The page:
Acini depend on AURKB to recover from poly (I:C)-induced depletion
To further confirm that AURKB upregulation was the key event in driving mainly acinar replenishment, IHC and PCR were conducted to compare the effects of AURKB inhibition in the acinar versus the K5 progenitor cells. These experiments demonstrated that while AURKB blockade captured Mist1 acini in the depleted, injury-like level (24 hrs post poly (I:C)) (Fig. 7a), it only interfered with the extensive expansion of K5 progenitors during SMG regeneration (Fig. 7b).
In this study we used a murine model to characterise early exocrine SG regeneration. Our current work highlighted the cycling plasticity and inherent ability of the adult murine SG to repopulate its lost functional compartment, following transient acute innate immune-mediated injury. In addition, our results demonstrated AURKB-driven events, that have not been previously described during SG regeneration. This work demonstrates that the selective AURKB inhibitor AZD1152-HPQA interfered with normal progression through the cell cycle phases. Also, co-localization experiments have demonstrated that the AURKB-mediated mitotic arrest dramatically affected the acinar compartment more than the ductal or K5-progenitor cells.
The innate immune stimulant poly (I:C) was used to induce injury in mouse SMGs, due to the well-documented detrimental signals downstream from its binding to the pattern recognition receptor TLR3, which comprise of: NF-ĸB-mediated cytokine release, interferon overproduction and induction of death signals11. Following a transient injury phase, SMGs swiftly recovered at the functional and the structural levels and this rapid response permitted accurate monitoring of the earliest events occurring and driving exocrine SG regeneration.
While the injury phase (up to 72 hrs) of this model featured dramatic acinar cell depletion, the SGs of these adult animals demonstrated a rapid re-population with Mist1-positive acini by 96 hrs. Upregulated expression of the cell cycle marker cyclin D1, suggested that SMG regeneration required an initial cell cycle re-entry phase, followed by a proliferation-dependent cell expansion process, evidenced by the co-localization of Mist1 and PCNA. Our results, among others12,13, demonstrate that exocrine acinar cells are not post-mitotic or terminally differentiated as the conventional theory proposes. Indeed, these functional cells were able to respond to injury signals by exploiting their recycling plasticity and undergoing significant changes in their proliferative activity.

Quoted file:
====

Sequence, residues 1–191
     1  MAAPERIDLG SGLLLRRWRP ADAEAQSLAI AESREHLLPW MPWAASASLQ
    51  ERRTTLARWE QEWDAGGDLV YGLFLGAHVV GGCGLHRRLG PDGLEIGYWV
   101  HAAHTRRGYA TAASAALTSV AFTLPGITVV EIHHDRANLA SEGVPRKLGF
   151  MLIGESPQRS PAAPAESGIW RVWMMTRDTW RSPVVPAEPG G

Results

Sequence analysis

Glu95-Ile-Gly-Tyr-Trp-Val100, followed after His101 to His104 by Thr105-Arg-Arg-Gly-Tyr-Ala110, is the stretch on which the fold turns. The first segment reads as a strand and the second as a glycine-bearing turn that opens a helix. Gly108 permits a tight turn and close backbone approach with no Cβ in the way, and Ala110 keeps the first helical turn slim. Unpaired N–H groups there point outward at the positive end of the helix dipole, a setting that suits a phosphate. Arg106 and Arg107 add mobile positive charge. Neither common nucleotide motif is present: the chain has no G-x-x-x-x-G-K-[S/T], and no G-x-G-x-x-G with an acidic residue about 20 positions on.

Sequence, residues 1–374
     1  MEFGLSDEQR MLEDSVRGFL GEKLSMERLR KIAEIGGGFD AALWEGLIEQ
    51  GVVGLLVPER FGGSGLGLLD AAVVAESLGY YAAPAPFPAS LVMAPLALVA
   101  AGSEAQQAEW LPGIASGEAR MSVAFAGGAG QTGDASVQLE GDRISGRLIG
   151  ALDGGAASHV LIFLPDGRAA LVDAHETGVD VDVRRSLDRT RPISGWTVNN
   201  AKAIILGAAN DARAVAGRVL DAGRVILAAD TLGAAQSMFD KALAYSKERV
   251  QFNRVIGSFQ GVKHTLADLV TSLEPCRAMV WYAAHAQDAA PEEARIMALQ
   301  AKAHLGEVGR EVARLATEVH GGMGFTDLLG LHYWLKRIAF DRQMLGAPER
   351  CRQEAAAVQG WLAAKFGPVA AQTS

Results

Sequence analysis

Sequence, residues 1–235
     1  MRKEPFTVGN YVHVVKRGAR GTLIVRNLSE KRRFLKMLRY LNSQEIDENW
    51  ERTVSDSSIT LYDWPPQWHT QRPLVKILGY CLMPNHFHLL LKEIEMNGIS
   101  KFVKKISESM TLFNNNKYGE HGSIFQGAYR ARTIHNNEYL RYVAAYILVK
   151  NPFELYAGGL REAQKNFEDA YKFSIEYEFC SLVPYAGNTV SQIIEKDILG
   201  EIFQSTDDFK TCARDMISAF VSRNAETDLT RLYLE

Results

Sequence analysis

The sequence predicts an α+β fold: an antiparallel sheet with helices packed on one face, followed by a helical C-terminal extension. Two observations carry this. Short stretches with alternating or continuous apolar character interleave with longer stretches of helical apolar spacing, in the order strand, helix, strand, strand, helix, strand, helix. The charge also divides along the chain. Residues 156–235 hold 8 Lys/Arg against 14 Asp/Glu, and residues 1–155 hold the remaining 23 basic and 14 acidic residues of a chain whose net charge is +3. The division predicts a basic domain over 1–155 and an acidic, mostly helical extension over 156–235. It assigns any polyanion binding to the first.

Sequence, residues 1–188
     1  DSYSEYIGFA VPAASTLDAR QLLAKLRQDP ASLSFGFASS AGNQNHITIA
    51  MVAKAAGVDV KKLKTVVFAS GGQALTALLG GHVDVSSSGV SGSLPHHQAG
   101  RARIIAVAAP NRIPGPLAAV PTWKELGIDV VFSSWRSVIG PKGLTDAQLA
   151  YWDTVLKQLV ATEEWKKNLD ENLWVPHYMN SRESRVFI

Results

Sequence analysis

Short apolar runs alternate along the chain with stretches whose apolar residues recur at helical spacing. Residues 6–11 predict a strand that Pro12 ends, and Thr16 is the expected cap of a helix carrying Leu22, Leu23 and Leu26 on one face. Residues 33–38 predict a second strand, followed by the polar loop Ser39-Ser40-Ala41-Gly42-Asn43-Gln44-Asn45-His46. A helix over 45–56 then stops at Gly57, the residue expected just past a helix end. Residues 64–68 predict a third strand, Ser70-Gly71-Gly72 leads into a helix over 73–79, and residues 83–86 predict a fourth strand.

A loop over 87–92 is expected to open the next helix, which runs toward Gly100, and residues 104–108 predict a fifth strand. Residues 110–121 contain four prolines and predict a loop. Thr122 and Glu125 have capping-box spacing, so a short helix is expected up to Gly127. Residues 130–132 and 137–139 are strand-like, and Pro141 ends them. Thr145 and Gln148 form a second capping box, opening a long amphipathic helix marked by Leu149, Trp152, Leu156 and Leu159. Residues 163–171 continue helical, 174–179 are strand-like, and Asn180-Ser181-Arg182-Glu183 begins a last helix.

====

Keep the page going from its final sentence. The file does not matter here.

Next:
Significant upregulation of the AURKB gene was detected in a qPCR array, which was initially conducted to characterise the regeneration signals induced after the innate immune injury (unpublished data). Using qRT-PCR and IHC, transcriptional upregulation and parenchymal overexpression of AURKB marked the functionally recovered but not injured SMG tissues. Therefore, AURKB as a novel regeneration signal was further considered in the current model.
Aurora kinases play key roles in cell division by phosphorylating multiple targets14,15. AURKB comprises part of the chromosomal passenger complex (CPC)16, which plays an essential role in regulating mitosis and cytokinesis17 (Fig. 8a). In dividing cells, AURKB is responsible for phosphorylation of H3 at S10 and S2818, which results in chromosomal condensation and regulation of chromatin structure during early mitosis19. In addition, AURKB activity is indispensable for correct spindle formation, accurate chromosomal segregation and completion of cytokinesis20. AZD1152-HPQA is a potent and highly selective inhibitor of AURKB, acting via preventing the transfer of the phosphate group from the ATP molecule to AURKB substrates21. The present study demonstrated for the first time, that AURKB inhibition interferes with early regeneration of SGs. Consistent with its canonical functions, AURKB mediated its pro-regenerative effects via promoting cell cycle progression, which aided the replenishment of depleted functional cells.